26.04.2017 - Africa Department

A New Strategy for Africa's Emerging Economies and Transforming societies

The Memory & Future Club of the Association of Former UNESCO Staff Members (AFUS) invites you to take part in an exchange of ideas on A New Strategy for Africa's Emerging Economies and Transforming societies :

Thursday 27 April 2017

1 – 2 pm, Room IX (Fontenoy)

with : Henri Lopes, Former Deputy Director-General for Africa (until 1998) and Edouard Matoko, Assistant Director-General for Africa (since February 2016)

Africa presents a complex and changing reality, a contrasting physical and human geography, large disparities in population size and living standards, a mosaic of languages and ethnicities all of which can not only be sources of conflict but also of intense exchange. Despite the diversity of situations, it is a young and dynamic continent, where initiatives abound, and where positive signs of economic growth and development have been multiplying over the last decade.

Nevertheless, Africa still lags behind in the achievement of international development goals and continues to have the highest number of least developed countries, as well as of countries in post-conflict or post-disaster situations. This situation is the reason why UNESCO maintains the continent’s priority status terms of resources and capacities.

For more than twenty years, Africa has been a priority for UNESCO, which has framed its action in the region within a set of institutional mechanisms specifically designed to support the implementation of this priority: the Africa Department (AFR) since 1996, the Addis Ababa Liaison Office since 2010, and the Intersectoral Platform on Priority Africa since 2008.

While many actions carried out in this framework have been successful - whether it be the strengthening of Education for All, science, technology and innovation policies, the Oceanographic Data Network Africa, or the relationship between culture and development -, and while the Africa Department has been able to strengthen its strategic role and establish partnerships with key players in the region, the picture is still far from satisfactory.

The evaluation of UNESCO's Priority Africa, carried out at the end of 2012, revealed that the mechanisms intended to bring it dynamism and substance had not led to significant progress in the decentralization of human and financial resources for the benefit of the region. A number of systemic problems specific to the Organization had a particular impact on its activities in Africa, including the lack of concentration of its programmes and the complexity of its administrative procedures.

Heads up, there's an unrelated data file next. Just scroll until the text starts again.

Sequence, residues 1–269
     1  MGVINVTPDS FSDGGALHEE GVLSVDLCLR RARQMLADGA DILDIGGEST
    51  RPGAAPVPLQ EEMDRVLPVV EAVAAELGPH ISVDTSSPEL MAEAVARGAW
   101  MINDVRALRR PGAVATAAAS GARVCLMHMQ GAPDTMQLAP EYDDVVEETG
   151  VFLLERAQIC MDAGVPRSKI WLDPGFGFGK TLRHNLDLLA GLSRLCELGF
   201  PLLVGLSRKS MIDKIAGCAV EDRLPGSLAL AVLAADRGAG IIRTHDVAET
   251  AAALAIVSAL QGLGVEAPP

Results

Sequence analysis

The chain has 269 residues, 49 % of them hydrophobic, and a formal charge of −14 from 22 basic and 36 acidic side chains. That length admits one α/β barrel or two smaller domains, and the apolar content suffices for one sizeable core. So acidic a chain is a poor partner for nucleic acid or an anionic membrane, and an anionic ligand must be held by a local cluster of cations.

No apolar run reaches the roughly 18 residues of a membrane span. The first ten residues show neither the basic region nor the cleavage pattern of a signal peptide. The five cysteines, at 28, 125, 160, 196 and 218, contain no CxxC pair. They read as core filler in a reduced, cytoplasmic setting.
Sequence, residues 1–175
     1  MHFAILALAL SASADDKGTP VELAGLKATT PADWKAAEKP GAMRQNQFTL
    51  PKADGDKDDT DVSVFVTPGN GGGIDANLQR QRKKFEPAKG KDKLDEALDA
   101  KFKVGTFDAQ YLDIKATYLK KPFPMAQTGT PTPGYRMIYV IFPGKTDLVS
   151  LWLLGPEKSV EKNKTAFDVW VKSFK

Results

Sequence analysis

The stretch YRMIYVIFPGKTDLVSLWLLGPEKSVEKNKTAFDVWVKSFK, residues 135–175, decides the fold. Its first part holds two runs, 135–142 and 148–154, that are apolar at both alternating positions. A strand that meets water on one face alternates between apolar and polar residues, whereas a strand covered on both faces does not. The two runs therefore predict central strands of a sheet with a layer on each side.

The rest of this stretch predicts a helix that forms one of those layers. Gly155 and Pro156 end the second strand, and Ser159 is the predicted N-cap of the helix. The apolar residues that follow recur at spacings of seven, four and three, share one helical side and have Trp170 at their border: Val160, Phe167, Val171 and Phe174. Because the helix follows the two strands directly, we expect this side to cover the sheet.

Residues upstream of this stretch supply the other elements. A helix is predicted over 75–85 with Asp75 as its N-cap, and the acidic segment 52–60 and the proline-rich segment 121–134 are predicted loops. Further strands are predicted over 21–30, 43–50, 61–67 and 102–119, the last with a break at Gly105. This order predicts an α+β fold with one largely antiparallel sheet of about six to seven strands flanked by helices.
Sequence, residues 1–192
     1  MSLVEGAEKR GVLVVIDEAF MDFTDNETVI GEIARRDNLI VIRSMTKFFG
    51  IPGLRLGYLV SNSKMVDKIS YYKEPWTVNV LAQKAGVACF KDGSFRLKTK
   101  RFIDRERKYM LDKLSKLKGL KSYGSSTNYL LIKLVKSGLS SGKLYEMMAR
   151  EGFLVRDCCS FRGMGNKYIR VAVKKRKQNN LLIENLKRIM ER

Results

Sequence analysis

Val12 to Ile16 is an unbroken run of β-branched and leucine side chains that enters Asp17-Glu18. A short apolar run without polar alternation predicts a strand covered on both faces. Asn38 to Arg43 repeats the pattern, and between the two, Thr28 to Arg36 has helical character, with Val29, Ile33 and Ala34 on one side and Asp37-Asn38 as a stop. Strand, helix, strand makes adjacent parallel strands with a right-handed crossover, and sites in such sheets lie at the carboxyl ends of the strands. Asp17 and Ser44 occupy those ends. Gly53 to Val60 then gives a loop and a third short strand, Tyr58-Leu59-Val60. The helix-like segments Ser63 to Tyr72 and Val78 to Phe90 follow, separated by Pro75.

UNESCO has been called upon, therefore, to review the modalities of its action in Africa in order to strengthen its relevance, effectiveness and impact. It is with this in mind that UNESCO's Operational Strategy for Priority Africa (2014-2021) was launched, a result of a process of forward-looking reflection and consultation with major actors on the continent, first among which was the African Union, whose  Pan African vision of “an integrated, prosperous and peaceful Africa, driven by its own citizens and representing a dynamic force in the international arena” (Agenda 2063 – the Future We Want for Africa) was endorsed by the Organization.

To address this issue, the Memory and Future Club has invited Henri Lopes, former Deputy Director-General, who launched the Africa Department and was its director until 1998, and Edouard Matoko, Assistant Director-General of the Africa Department since 2016.

The Memory & Future Club of the Association of Former UNESCO Staff (AFUS) seeks to highlight the experience of former staff members and to balance it against the vision of their successors, as well as against the current challenges of international cooperation. Building on their shared memory and wishing to preserve it, participants in this group are able to meet informally with their colleagues still in active service so as to engage in a free exchange of ideas and identify how past experiences may enhance future directions.

Henri Lopes, former Minister and Prime Minister of Congo-Brazzaville, joined UNESCO in 1981, first as Assistant Director-General for Programme Support, then for the Culture and External Relations Sectors, and finally as Deputy Director-General (DDG) in charge of the Africa Department (until 1998). Former Ambassador of the Congo in France, he was a member of the High Council of La Francophonie and the personal representative of the Congolese Head of State to the International Organization of the Francophonie. A writer - author of eight novels, a collection of short stories and a collection of essays - Henri Lopes is one of the great names in African French Language literature. He was awarded the Grand prix littéraire d'Afrique noire (Major literary prize of Black Africa), in 1971 for Tribaliques and in 1989 for Le chercheur d'Afriques. His complete works were recognized by the French Academy, which awarded him the Grand Prix de la Francophonie (1993). He launched the magazine Géopolitique Africaine, of which he is currently the President.

Edouard Matoko is the current UNESCO’s Assistant Director-General for Africa. Previously, he was Director of the UNESCO Liaison Office to the African Union (AU) and the United Nations Economic Commission for Africa (UNECA), as well as UNESCO’s Representative in Ethiopia. Prior to this he had been Director of UNESCO’s Offices in Quito (Ecuador) and Bamako (Mali). He is the author of many books, including Africa by Africans, Utopia or Revolution (1996, Laureate of the International Literary Prize of the French Writers' Association); Endogenous foundations of a culture of peace in Africa, Traditional Mechanisms for Conflict Prevention and Resolution in Africa (1999), Culture of Peace and UNESCO (2012), and Africa Now! Between emergence and transformation (forthcoming, 2017).

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